January 6, 2017
In a drug possession case in Florida, the State is required to prove that you were either in actual possession or constructive possession of an illegal drug. The burden of proof for the prosecutor is “beyond a reasonable doubt.” Thus, a prosecutor or state’s attorney must prove his or her case beyond a doubt based upon ordinary reason and common sense.
It should also be noted that mere ownership of an illegal substance has no correlation as to whether or not a defendant was in possession of the illegal substance. Ownership and possession are two very different things under the law.
Actual possession simply means that you possessed the drugs somewhere on your person. A classic example is if the drug was found in a coat pocket, in your hand, or in your mouth.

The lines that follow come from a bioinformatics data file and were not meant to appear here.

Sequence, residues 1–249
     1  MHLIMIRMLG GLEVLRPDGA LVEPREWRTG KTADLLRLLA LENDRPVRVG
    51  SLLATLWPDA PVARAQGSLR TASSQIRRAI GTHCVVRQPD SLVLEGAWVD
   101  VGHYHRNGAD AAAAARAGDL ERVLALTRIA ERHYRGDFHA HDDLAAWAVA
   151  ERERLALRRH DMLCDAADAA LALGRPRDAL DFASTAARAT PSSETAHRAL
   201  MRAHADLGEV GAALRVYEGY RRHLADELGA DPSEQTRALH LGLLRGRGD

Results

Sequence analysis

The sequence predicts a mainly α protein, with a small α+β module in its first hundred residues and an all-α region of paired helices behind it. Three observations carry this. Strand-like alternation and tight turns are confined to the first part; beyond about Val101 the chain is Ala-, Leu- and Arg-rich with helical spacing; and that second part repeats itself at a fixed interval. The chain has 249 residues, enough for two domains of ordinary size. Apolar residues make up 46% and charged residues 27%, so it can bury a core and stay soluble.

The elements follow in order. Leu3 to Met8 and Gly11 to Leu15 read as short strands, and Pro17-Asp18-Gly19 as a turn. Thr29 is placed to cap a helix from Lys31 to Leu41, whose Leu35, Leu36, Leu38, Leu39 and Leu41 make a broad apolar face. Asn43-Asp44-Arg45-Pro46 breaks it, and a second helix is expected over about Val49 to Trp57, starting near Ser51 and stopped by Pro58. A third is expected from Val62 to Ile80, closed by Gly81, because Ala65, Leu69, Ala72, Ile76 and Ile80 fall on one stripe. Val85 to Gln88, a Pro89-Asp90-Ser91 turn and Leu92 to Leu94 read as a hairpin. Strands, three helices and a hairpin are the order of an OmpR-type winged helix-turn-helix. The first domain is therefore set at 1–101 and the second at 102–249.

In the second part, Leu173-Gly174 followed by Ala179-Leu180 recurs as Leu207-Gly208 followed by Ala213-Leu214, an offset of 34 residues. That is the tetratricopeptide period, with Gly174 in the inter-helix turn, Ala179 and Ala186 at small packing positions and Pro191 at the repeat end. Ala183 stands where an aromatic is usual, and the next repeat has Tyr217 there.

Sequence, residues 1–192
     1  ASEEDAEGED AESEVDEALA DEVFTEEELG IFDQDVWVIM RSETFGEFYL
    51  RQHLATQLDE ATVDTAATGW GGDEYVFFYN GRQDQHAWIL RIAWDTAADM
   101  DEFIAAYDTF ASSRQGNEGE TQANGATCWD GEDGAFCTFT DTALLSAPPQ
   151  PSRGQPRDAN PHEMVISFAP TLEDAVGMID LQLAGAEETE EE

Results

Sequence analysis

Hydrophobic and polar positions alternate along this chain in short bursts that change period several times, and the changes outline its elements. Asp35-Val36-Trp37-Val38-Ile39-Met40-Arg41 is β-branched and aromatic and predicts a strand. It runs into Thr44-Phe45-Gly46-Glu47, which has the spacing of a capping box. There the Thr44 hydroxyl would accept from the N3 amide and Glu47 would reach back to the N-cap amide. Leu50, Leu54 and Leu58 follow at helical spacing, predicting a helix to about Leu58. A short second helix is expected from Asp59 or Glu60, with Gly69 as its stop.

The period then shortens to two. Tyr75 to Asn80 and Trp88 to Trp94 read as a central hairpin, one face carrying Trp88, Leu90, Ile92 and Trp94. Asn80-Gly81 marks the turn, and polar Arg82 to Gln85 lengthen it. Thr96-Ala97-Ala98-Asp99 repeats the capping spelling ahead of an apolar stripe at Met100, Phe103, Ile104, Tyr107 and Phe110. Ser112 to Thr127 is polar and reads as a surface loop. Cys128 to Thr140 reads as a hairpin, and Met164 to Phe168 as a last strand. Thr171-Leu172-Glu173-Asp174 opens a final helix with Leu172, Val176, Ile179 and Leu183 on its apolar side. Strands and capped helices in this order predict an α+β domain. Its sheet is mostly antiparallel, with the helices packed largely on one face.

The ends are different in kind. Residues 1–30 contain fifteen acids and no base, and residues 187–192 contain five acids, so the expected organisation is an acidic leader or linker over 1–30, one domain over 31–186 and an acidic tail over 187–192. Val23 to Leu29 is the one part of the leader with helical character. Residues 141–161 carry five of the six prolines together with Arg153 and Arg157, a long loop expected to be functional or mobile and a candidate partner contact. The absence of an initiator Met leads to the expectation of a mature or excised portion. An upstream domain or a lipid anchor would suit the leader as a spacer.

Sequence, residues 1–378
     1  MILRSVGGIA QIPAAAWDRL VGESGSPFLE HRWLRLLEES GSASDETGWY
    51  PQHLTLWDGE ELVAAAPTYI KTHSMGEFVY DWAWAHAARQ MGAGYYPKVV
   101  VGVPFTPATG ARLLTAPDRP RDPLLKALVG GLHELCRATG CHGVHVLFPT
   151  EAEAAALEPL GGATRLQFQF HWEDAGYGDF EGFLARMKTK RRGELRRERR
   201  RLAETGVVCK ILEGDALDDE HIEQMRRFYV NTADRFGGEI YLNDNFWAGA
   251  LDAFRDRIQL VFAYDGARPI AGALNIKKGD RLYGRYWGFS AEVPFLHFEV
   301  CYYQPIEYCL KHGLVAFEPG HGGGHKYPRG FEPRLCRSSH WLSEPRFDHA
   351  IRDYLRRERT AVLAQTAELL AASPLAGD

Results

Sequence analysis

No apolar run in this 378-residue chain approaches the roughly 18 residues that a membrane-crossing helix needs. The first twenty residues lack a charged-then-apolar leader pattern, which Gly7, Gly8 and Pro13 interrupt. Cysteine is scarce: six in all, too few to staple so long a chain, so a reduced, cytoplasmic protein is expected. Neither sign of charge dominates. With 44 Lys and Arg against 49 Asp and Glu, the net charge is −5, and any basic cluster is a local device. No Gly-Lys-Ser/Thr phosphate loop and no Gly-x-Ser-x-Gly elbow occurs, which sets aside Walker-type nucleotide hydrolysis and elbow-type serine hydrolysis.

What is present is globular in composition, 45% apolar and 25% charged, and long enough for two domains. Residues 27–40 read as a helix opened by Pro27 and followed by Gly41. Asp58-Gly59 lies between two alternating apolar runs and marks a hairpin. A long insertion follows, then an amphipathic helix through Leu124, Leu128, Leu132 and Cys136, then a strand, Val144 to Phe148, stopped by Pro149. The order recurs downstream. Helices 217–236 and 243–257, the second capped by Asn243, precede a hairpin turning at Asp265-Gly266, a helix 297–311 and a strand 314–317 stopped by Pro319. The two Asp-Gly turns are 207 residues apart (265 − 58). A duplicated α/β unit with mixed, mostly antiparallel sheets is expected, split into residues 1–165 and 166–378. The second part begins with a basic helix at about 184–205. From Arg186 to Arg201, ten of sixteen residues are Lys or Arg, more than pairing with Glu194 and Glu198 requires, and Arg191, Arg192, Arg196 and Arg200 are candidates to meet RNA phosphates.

In order to prove constructive possession, the State must prove both of the following elements beyond a reasonable doubt:
- You knew of the presence of the drug
- You were in a position to be able to exercise control over the drug
The case of Culver v. State of Florida directly addresses the second element of this test.
Neither of these elements, alone, is sufficient to prove constructive possession, and if a prosecutor or state’s attorney can only prove one element, he or she has not met the required burden of proof.
One common defense that is often applicable in drug possession cases arises when an initial traffic stop is deemed illegal, due to a lack of reasonable suspicion or probable cause. For example, if a police officer lacks reasonable suspicion in pulling a vehicle over in the first place, any drugs found in the vehicle may be suppressed.
Call an Experienced St. Petersburg Drug Defense Lawyer for Assistance
An experienced St. Petersburg criminal defense attorney at Khonsari Law Group can analyze all of the facts and circumstances of your individual case and can help you to determine whether any defenses are applicable. You should feel free to contact our experienced criminal defense attorneys at any time, via telephone at 727-269-5300 or email, for an initial consultation.